One negative is that the length of wraps makes tying them in public difficult. Additionally, stretchy wraps may not work well for heavier babies. Jennifer L. explained: “For younger/smaller babies we absolutely loved the Moby wrap. It was super, super comfortable and my son loved being in it. Once he got to be over 20 pounds it was difficult carrying him on my front because the material is on the stretchy side.”
Mei tais are traditional Chinese cloth carriers with straps that tie. Moms like Kara P. recommend them for their comfort and versatility: “We have used a mei tai from the time our baby was a few weeks old...she is 2 and a half now and we still use it. They are pretty easy to learn to use, fold up nicely for in the car on in a diaper bag, and are really versatile.”
Others, however, cautioned that strap width, length, angle, and padding all influence comfort level. Brenda D. shares: “All I have to say is wide straps! I have one with about three-inch wide fabric straps, no padding, and it hurts my back to use it since my buggaboo is so darn heavy.”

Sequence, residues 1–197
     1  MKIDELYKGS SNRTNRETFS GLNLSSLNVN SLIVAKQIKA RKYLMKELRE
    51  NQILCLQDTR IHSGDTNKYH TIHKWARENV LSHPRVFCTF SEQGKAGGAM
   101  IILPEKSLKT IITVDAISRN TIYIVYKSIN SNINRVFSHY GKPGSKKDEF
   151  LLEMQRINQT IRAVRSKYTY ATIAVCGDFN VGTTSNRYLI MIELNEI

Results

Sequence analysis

Ergos and Other Soft Structured Carriers
Soft structured carriers are especially popular for carrying heavier babies, though inserts also enable newborn carrying. As Allison C. shared: “I thought the Moby was best for napping and breastfeeding until 6 months old, but after that the Ergo was the best in every situation—for plane rides, shopping or long walks.” Similarly, Kimberly P. started her son in an Ergo carrier around 8 months: “We love love love it. At first I wore him in front facing me, but then he switched to riding in the backpack configuration and we still do it occasionally and he’s 18 months and 30 pounds!"
However, Tricia L. cautioned that such carriers aren’t for everyone: “I don't like structured carriers. I have a small frame, and I can’t seem to get them to fit me snugly, so the baby pulls me down, and I end up with a sore back.”
Nightly struggles with a bed-resistant toddler can be extremely frustrating for a parent, especially when you’d love nothing more than to doze off into dreamland yourself! Thankfully Circle of Moms members have shared great suggestions for mastering smooth, hassle-free bedtime routine for toddlers.
1. Establish a Simple, Consistent Routine